Crime Scene Cleaners in the last 6 or 7 years has actually become an over saturated marketplace in the united states. There was some sort of movie that popularized how the initial investment of the very lucrative field isn't that bad. (it costs about as much as starting up a construction contractor business) Problem is now there are so many of them they have to price more competitively. They are usually only called if there is a biohazard mess. Two of the companies my dept uses are family owned and have about 3 employees each. This is all a town of 500,000 really needs.

The other one you have to realize it's your word against his. There are no other witnesses or evidence an overburdened dept can sometimes ignore things like that. It's a fact of life. It sucks. I always at least make a GESTURE that I tried. It helps people feel a little better.
 

ace_of_something

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thaluikhain said:
Hmmm...gone through the thread, very informative, and although the question of weapons has come up a few times, nobody seems to have asked about what other bits and pieces you carry around that helps in your job. Was wondering, do US detectives keep anything unusual in their pockets?
Most detectives keep a sketch pad/note pad (or PDA if their younger and more tech savvy) at all times, many also have something to record people during street interviews. Disposable non-latex gloves (latex leaves a powder residue). I'd say 75% of all detectives also keep cigarettes and the means to light them. Not because they smoke (though most do) but it makes you seem friendly if you offer a smoke.

Many are also very superstitious and keep a lucky coin/pen something like that.

I make my own damn luck.
 

Dags90

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ace_of_something said:
They are usually only called if there is a biohazard mess. Two of the companies my dept uses are family owned and have about 3 employees each. This is all a town of 500,000 really needs.
Unless there were more gory murders...Just sayin'...

Does your squad car have one of those fancy laptops? Also, are you a union member?
ace_of_something said:
I couldn't tell you the science behind it all and don't quote me if I turn out to be wrong. But blood is easier to contaminate and only gets you down to people in the same blood line (not an individual) which can be a problem. I'll see if I can't find you a better answer by asking people who know more.
My guess would be that blood has less DNA per unit volume. The vast majority of cells in a blood sample, red blood cells (erythrocytes if you want to sound fancy), are anucleated. They have no nucleus and no DNA. So a small sample may not contain any nucleated cells, or the few nucleated cells might die if it starts coagulating. Semen is obviously filled with millions of DNA carrying swimmers. Quick check at wikipedia reference ranges says there are about over four orders of magnitude more nucleated cells in semen per mL.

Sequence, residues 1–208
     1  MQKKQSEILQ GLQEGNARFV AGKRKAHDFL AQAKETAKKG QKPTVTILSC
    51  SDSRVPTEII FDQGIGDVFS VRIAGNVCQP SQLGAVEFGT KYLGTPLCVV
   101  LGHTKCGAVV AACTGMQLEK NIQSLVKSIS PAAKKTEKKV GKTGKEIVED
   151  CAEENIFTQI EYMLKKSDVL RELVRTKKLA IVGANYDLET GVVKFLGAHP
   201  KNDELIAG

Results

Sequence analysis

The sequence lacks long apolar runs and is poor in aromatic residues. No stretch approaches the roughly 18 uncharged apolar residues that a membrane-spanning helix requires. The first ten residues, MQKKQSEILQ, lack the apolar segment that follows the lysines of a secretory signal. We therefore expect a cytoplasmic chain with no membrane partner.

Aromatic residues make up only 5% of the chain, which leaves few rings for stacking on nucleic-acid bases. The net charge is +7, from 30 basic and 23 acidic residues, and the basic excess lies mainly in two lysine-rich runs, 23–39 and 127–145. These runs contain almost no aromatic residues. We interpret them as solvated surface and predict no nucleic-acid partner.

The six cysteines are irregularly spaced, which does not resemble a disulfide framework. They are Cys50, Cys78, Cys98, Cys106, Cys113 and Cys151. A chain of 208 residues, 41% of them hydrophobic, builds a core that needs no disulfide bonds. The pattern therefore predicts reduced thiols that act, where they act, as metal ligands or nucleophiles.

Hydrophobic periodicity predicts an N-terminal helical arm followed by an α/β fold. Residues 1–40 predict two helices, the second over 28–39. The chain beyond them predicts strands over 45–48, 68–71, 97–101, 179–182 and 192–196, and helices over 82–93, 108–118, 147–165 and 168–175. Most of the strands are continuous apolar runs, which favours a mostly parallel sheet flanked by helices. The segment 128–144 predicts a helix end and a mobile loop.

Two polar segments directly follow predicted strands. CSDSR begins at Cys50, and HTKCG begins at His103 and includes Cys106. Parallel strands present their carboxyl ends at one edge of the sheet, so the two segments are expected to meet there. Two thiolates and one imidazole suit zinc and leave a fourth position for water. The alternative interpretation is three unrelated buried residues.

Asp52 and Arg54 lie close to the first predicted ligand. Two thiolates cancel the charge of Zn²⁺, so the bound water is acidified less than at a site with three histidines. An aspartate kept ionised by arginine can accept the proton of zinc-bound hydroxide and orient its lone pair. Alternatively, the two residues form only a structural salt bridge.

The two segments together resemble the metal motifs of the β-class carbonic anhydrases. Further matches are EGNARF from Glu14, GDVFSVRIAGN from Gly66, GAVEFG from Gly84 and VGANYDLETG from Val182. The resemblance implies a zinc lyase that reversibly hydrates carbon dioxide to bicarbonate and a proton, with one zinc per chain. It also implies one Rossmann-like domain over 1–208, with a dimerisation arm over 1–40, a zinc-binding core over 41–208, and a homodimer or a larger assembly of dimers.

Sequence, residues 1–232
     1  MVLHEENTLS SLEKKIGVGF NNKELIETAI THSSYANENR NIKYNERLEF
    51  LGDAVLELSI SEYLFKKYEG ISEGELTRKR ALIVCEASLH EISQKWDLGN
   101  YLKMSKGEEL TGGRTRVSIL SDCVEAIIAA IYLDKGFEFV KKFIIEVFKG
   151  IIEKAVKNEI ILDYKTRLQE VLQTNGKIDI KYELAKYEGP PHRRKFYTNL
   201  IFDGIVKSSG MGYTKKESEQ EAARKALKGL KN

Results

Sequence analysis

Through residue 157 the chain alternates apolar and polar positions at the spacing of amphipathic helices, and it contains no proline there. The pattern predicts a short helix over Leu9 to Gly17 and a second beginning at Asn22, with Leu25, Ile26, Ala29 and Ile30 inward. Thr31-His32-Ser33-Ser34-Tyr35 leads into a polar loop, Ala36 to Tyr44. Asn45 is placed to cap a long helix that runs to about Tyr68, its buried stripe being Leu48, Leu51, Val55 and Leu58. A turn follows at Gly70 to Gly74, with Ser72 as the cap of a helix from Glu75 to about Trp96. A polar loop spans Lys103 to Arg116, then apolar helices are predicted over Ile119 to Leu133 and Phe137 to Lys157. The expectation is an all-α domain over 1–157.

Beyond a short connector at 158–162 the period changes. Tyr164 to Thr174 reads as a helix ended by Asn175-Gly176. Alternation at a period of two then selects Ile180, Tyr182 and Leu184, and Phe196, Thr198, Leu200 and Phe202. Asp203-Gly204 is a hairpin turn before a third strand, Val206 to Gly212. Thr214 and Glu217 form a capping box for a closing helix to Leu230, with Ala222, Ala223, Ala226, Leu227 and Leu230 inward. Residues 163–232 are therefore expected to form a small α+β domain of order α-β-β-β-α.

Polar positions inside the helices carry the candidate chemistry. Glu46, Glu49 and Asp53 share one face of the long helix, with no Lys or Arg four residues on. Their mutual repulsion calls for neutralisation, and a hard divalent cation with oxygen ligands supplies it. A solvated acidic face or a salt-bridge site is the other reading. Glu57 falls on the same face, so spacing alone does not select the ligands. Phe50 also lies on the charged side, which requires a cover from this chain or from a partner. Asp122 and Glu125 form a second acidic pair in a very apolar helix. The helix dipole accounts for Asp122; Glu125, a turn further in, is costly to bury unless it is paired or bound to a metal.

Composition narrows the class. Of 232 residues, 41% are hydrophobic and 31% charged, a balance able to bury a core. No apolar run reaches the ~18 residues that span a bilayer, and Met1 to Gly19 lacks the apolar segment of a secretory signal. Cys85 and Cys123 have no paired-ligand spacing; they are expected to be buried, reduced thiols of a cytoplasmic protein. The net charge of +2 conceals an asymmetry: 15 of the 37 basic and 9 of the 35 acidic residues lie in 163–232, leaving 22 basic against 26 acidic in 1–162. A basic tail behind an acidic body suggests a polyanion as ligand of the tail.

Heronblade

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ace_of_something said:
I couldn't tell you the science behind it all and don't quote me if I turn out to be wrong. But blood is easier to contaminate and only gets you down to people in the same blood line (not an individual) which can be a problem. I'll see if I can't find you a better answer by asking people who know more.
There are a couple of factors for that:
A.) Semen has a much higher concentration of DNA per unit volume (far smaller cells packed into a much thicker solution)
B.) Gametes (sperm cells and eggs) only have one set of chromosomes rather than the standard doubled pairs. When testing DNA, they use enzymes that snip the coding at locations with a specific data sequence. A single strand is slightly easier for those enzymes to deal with than a full helix, reducing error bars.
C.) Gametes contain ALL of the coding for an individual. Most specialized cells like blood cells only contain a portion of it, which also makes narrowing down to only one individual more difficult.
 

Dags90

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Heronblade said:
There are a couple of factors for that:
B.) Gametes (sperm cells and eggs) only have one set of chromosomes rather than the standard doubled pairs. When testing DNA, they use enzymes that snip the coding at locations with a specific data sequence. A single strand is slightly easier for those enzymes to deal with than a full helix, reducing error bars.
C.) Gametes contain ALL of the coding for an individual. Most specialized cells like blood cells only contain a portion of it, which also makes narrowing down to only one individual more difficult.
Restriction enzymes (used in DNA fingerprinting) only cut at double stranded DNA. This is why they're almost always palindromic, both strands have the same sequence. Also, gametes don't contain homologous chromosomes, but their DNA is still double stranded.

Here's the most common restriction enzyme used in texts, EcoRI:


All nucleated cells contain all the genetic material, at least. A kidney tubule (or cheek swab) cell has all the DNA required to become a brain cell. The difference is only in the expressed genes. They're there, just not doing anything.
 

GenericAmerican

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How would you feel if say, something/someone like Inquisitors from W40k existed?

If you don't know anything about 40k, it's basically an Investigator who is sanctioned by the government. He is encouraged to work within local laws but has the authority to conduct his investigation in whatever way he feels best, and is allowed access to whatever local or government resources he feels necessary.

If he wanted to go undercover and be low key, he can; if he wants to call in the military and have them smash doors down and make arrests without warrants or any reason, he can do so.

They wouldn't be someone who tries to take down joe the pot peddler who works on the corner of 5th and shyster. They'd be in charge of taking down major criminal organizations or operation. (a drug cartel for instance)


What would you do with that kind of power? Or would you refuse it, knowing that it would only lead to trouble? Hell, would you work under someone like that? Or for a government that would employ such a person?